Fast-Food Menus: A Look Back
A trip down fast-food memory lane
Today on The Daily Meal
It seems like all of our childhoods are tied together by one common denominator: a love of fast food. There’s something about a trip to McDonald’s that appeals to the kid in us, and the smell of a McDonald’s alone oftentimes brings back childhood memories of trips to the fast-food chain. But if there’s been one constant over the years, it’s the fact that things constantly change, and fast-food menus are no exception.
We dug deep into the Internet’s version of memory lane and were able to track down classic menus from beloved fast-food chains, most dating back around 50 years, to the late 1950s and early 1960s. What we found was ultimately quaint and nostalgia-inducing, reminding us not only of how much things have changed since then, but how much larger portions have grown as well.
Back during the era of Beatlemania, the Big Mac didn’t yet exist, nor did the Happy Meal. The centerpiece of the McDonald’s menu was the simple "pure beef hamburger," still a classic but no longer really considered a meal unto itself. And there was a time not too long ago when (believe it or not) Dairy Queen only sold ice cream.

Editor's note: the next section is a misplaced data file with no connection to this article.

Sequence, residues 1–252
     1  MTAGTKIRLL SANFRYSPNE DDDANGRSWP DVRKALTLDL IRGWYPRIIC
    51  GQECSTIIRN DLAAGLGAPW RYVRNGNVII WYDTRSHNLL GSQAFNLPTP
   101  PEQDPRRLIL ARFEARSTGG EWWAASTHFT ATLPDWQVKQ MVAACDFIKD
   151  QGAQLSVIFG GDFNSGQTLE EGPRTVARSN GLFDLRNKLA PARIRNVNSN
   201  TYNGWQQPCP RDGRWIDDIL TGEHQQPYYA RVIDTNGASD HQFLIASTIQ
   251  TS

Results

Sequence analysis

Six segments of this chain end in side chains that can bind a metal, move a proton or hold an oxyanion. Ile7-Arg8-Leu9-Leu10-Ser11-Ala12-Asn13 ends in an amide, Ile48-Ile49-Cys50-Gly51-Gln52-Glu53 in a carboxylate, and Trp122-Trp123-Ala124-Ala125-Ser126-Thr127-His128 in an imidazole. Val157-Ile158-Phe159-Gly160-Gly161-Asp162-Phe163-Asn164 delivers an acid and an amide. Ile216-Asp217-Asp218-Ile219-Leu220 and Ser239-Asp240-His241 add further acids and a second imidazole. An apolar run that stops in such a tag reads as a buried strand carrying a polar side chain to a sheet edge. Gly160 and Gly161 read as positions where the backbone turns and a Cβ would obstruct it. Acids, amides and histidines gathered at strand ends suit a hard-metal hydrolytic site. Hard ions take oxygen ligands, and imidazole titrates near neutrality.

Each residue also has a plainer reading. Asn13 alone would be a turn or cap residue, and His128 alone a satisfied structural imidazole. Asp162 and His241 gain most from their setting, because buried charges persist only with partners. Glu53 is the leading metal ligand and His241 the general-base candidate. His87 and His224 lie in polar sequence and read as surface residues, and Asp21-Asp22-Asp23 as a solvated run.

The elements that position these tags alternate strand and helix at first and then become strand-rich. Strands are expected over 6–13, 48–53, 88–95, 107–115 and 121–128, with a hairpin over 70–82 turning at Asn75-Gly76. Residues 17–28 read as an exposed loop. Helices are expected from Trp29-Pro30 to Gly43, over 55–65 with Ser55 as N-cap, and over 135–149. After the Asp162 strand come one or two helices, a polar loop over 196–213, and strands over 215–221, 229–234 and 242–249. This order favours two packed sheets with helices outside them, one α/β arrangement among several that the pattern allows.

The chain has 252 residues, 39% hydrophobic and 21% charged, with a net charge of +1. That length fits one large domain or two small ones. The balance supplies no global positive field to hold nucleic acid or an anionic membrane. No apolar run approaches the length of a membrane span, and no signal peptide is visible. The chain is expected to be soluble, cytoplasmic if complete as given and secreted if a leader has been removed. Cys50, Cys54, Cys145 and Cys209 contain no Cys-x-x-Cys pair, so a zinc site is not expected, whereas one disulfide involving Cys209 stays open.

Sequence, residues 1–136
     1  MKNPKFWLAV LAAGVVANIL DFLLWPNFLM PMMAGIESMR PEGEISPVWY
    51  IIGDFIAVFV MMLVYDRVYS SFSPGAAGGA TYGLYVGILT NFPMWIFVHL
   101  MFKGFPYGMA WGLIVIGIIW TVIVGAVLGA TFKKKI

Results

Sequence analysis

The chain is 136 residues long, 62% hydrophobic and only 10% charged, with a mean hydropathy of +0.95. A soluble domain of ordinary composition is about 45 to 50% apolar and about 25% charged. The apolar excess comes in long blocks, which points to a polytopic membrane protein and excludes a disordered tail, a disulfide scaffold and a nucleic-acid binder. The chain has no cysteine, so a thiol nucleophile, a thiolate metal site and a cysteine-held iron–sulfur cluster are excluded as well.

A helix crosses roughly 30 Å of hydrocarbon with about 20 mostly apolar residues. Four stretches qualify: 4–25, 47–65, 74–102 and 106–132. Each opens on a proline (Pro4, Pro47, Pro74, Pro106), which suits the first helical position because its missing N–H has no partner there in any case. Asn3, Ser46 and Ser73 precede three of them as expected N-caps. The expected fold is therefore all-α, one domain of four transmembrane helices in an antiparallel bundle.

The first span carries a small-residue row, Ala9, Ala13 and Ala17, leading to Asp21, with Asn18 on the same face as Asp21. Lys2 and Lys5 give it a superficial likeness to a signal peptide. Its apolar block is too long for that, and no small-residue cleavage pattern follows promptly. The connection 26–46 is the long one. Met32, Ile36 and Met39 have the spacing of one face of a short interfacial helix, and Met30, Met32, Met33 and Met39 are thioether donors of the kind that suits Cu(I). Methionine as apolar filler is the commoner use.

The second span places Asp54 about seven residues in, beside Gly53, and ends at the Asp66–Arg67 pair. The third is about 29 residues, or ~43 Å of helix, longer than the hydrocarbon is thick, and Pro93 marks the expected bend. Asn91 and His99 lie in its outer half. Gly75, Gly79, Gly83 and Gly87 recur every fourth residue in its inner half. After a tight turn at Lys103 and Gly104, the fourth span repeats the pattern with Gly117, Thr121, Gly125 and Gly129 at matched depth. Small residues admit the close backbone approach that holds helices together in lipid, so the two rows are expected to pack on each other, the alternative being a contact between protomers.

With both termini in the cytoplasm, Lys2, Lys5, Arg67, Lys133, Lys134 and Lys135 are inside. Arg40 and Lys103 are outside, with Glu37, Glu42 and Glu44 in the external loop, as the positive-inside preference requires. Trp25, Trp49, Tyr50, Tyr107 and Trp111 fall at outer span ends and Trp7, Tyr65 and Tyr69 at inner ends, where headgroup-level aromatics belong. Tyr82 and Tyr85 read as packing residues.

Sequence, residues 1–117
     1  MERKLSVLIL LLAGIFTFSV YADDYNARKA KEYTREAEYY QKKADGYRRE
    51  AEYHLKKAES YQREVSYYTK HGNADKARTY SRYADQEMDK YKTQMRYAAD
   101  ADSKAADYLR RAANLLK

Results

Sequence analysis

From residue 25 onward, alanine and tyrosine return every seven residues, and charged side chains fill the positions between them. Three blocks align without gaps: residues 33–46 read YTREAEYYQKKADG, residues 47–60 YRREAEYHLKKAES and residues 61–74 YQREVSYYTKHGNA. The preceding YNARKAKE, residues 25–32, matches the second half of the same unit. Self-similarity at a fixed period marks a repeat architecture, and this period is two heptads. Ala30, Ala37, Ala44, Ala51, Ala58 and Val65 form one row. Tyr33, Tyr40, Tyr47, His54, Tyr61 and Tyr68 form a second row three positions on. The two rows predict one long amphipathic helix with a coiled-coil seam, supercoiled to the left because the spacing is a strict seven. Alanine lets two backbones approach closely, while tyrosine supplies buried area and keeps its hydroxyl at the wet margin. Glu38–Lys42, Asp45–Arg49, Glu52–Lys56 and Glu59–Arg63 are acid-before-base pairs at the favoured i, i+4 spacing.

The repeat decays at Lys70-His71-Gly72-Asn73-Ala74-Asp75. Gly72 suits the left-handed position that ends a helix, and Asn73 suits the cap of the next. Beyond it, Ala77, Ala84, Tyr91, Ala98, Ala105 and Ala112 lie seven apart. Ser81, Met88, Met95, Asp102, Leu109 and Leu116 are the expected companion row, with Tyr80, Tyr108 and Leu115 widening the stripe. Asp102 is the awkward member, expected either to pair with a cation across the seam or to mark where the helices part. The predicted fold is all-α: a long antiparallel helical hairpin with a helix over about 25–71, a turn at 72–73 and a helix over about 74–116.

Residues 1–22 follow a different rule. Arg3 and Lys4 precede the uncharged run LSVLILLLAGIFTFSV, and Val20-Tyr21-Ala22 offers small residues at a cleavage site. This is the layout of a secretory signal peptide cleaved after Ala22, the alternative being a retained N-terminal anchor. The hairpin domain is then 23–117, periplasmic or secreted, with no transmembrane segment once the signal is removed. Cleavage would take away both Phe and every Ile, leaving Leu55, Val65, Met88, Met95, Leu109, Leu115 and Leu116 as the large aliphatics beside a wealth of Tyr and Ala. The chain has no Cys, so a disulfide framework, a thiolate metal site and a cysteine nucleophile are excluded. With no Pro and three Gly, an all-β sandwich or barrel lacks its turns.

While some menus were limited by design (see White Castle, for example), others have been whittled down in interesting ways over the years. KFC once sold chicken livers and gizzards, for example. And A&W, a vintage fast-food chain if ever there was one, stopped selling pork chops and "Peteza" burgers quite some time ago.
All of these menus (except for the one from Dairy Queen) also include prices. While prices nowadays vary according to region, we got in touch with stores in New York City (unless otherwise noted) to find out what items that remain from the old menus are currently selling for. As always, there were several surprises: Who knew that a plain Nathan’s hot dog, which once sold for just $0.05, now costs $3.42!
Also, if you’re wondering why a chain as large as Wendy’s isn’t on the list, that’s because we tried to track down menus from circa 1960, and Wendy’s wasn’t around until almost 10 years later (Dave Thomas founded the chain in 1969).
So read on for a trip down a burger-fueled memory lane, or to simply get an idea as to how much fast-food menus have changed in the past 50 years. We’ve ranked them in order of which menus have changed the most over time.
Dan Myers is the Eat/Dine Editor at The Daily Meal. Follow him on Twitter @sirmyers.
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